By Jueseppi B.
FACT SHEET: Strengtheningthe Federal Background Check System to Keep Guns out of Potentially Dangerous Hands
Today, the Administration is announcing two new executive actions that will help strengthen the federal background check system and keep guns out of the wrong hands. The Department of Justice (DOJ) is proposing a regulation to clarify who is prohibited from possessing a firearm under federal law for reasons related to mental health, and the Department of Health and Human Services (HHS) is issuing a proposed regulation to address barriers preventing states from submitting limited information on those persons to the federal background check system.
Too many Americans have been severely injured or lost their lives as a result of gun violence. While the vast majority of Americans who experience a mental illness are not violent, in some cases when persons with a mental illness do not receive the treatment they need, the result can be tragedies such as homicide or suicide.
The Administration takes a comprehensive approach to mental health issues by expanding coverage of mental health services so care is affordable, launching a national conversation on mental health to reduce stigma associated with having a mental illness and getting help, directing funds we have now to improve mental health facilities, and proposing more funds be used for efforts such as training additional mental health professionals.
At the same time, the Administration is committed to making sure that anyone who may pose a danger to themselves or others does not have access to a gun. The federal background check system is the most effective way to assure that such individuals are not able to purchase a firearm from a licensed gun dealer. To date, background checks have prevented over two million guns from falling into the wrong hands.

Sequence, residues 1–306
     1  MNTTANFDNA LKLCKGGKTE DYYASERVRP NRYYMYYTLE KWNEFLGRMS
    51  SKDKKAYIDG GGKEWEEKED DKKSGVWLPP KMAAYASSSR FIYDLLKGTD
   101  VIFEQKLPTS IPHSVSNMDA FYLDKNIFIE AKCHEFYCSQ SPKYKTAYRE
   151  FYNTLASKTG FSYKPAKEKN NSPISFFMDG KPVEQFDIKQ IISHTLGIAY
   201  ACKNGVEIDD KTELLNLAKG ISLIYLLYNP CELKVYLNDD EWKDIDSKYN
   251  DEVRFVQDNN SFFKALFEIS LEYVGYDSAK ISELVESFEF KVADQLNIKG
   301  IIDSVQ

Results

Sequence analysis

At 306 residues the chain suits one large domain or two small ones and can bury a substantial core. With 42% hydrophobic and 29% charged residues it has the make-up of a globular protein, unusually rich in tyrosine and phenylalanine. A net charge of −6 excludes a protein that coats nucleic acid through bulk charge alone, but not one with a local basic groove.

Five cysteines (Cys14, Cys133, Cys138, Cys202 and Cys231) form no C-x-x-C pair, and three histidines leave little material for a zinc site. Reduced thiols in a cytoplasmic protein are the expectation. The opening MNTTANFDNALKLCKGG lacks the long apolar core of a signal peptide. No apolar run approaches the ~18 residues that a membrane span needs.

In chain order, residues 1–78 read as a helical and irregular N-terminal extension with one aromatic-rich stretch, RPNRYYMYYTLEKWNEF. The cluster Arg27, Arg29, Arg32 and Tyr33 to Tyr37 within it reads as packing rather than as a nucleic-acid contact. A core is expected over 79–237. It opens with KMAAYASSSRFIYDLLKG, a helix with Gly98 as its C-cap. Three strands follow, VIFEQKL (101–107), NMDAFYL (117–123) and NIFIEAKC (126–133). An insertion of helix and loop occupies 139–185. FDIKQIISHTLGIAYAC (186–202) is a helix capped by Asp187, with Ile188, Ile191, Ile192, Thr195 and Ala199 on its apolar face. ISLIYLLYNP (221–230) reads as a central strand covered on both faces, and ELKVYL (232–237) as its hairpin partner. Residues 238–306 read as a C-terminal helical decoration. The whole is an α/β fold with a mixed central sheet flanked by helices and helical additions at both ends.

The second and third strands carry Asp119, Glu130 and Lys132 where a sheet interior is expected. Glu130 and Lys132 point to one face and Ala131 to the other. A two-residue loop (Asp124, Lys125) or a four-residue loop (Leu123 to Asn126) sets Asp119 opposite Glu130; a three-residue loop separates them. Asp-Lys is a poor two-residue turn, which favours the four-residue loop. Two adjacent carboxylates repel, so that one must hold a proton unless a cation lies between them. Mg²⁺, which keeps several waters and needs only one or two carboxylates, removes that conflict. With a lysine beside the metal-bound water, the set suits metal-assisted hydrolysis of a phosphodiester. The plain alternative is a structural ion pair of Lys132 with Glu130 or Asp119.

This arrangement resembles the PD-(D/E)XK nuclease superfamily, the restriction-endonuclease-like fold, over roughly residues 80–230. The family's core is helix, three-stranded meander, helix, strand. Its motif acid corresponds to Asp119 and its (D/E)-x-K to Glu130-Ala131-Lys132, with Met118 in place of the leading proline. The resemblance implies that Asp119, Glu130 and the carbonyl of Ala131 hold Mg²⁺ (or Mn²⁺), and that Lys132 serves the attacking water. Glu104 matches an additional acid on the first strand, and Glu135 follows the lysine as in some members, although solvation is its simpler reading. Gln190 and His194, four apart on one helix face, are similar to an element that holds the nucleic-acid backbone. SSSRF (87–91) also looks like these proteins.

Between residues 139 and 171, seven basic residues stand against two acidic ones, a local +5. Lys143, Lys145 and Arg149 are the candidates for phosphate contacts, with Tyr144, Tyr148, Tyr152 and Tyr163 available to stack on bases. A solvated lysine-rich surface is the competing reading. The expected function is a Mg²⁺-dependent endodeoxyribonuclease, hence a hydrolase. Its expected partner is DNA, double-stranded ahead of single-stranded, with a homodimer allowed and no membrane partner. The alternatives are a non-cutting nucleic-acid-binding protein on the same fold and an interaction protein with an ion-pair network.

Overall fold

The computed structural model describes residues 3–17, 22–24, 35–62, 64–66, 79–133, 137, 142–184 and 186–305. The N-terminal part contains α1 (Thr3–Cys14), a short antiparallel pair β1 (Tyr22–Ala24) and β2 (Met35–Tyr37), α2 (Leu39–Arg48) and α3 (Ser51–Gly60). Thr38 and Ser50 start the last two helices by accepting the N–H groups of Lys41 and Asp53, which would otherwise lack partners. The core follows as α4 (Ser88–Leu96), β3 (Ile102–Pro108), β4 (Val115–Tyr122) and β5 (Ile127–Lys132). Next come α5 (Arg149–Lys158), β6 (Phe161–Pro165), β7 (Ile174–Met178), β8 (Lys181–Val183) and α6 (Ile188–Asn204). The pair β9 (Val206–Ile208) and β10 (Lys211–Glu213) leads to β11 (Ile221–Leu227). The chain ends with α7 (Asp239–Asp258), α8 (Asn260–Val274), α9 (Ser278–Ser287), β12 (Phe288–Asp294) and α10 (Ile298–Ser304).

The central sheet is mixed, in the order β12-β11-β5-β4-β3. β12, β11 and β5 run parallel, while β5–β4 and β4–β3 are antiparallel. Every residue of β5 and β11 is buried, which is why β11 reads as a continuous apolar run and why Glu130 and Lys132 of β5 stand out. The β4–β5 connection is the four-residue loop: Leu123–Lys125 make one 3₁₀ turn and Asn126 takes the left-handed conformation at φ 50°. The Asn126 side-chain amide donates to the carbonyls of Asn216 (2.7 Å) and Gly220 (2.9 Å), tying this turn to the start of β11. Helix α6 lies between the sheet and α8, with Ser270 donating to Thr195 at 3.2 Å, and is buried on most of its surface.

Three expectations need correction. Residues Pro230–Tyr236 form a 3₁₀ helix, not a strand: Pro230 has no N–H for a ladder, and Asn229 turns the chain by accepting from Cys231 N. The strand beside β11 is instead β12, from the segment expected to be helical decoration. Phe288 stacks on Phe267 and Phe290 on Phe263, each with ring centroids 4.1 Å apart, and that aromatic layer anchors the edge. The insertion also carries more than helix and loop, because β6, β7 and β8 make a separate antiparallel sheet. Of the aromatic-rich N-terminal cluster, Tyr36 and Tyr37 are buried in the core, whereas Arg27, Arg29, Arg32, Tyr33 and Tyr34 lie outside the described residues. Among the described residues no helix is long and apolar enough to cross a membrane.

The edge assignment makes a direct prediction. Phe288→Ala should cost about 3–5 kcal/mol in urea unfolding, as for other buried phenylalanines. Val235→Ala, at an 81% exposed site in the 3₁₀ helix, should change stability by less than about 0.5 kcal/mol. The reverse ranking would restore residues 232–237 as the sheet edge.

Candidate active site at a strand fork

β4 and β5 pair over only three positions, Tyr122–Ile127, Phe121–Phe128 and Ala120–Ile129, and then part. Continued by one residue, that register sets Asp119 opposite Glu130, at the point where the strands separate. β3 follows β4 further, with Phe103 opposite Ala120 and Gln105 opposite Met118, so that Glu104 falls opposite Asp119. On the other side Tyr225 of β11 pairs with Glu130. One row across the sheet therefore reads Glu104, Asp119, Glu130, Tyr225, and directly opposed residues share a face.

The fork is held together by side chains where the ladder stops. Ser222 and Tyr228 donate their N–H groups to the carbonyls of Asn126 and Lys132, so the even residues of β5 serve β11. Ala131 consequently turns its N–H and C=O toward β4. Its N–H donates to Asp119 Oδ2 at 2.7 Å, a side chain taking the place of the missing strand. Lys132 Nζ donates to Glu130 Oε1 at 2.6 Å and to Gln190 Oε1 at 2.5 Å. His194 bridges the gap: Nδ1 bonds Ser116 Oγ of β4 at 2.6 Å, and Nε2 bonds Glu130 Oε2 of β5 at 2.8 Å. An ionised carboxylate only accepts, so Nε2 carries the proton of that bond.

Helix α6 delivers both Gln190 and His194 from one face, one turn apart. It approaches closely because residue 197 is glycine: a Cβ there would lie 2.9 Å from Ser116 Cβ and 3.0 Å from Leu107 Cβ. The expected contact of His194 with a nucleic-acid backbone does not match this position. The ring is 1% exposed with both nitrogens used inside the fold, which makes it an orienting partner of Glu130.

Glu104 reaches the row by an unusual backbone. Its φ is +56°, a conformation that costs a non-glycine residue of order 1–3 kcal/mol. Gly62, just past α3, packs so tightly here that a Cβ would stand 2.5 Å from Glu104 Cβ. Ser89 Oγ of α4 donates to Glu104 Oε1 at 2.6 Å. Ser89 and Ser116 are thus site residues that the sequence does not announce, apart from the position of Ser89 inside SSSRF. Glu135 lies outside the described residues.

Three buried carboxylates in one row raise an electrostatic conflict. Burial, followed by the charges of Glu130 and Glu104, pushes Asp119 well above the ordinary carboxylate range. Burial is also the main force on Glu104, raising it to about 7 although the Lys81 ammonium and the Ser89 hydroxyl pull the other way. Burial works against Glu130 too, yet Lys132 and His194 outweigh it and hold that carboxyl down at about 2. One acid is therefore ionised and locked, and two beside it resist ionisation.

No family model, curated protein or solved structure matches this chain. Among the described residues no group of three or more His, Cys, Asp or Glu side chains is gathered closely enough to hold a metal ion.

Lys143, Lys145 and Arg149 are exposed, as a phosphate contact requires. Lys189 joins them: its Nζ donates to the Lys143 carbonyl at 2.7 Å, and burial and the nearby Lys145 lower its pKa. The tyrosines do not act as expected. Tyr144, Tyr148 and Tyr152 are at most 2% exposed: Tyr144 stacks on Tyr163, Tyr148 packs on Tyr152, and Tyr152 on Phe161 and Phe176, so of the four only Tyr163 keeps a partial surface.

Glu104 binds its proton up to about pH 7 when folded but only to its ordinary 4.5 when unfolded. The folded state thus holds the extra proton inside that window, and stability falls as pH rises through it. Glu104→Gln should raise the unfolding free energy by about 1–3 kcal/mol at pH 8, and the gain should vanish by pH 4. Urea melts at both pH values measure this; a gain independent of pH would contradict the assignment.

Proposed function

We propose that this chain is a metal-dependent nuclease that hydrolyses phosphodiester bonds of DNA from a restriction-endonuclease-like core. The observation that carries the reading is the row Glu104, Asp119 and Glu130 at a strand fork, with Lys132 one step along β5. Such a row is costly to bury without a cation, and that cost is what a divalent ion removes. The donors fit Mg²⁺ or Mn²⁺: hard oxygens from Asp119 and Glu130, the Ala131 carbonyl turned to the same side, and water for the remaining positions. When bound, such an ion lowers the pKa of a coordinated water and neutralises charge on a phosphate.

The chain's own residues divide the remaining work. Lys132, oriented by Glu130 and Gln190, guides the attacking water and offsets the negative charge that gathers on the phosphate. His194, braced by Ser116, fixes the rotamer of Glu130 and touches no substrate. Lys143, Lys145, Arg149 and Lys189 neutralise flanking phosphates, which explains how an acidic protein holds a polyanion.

The Administration’s two new executive actions will help ensure that better and more reliable information makes its way into the background check system. The Administration also continues to call on Congress to pass common-sense gun safety legislation and to expand funding to increase access to mental health services.
Progress to Strengthen the Federal Background Check System
Over the past year, the Administration has taken several steps to strengthen the National Instant Criminal Background Check System (NICS), which is used to run background checks on those who buy guns from federally licensed gun dealers to make sure they are not prohibited by law from owning a firearm. For example:
- The President directed federal agencies to make all relevant records, including criminal history records and information related to persons prohibited from having guns for mental health reasons, available to the federal background check system. This effort is beginning to bear fruit. In the first nine months after the President’s directive, federal agencies have made available to the NICS over 1.2 million additional records identifying persons prohibited from possessing firearms, nearly a 23% increase from the number of records federal agencies had made available by the end of January.
- The Bureau of Alcohol, Tobacco, Firearms and Explosives published a letter to federally licensed gun dealers providing guidance on how to run background checks for private sellers.
- States are one of the key sources of data on persons prohibited from having guns, including felons and those prohibited for mental health reasons. That’s why the President took action to invest an additional $20 million this year to improve incentives for states to share this information with the federal background check system. In September 2013, DOJ awarded $27.5 million to 42 states and one territory to strengthen the firearms background check system by improving their abilities to share information with the NICS. In addition, the Administration is proposing $50 million for this purpose in FY2014, and Congress should act to provide these critical resources.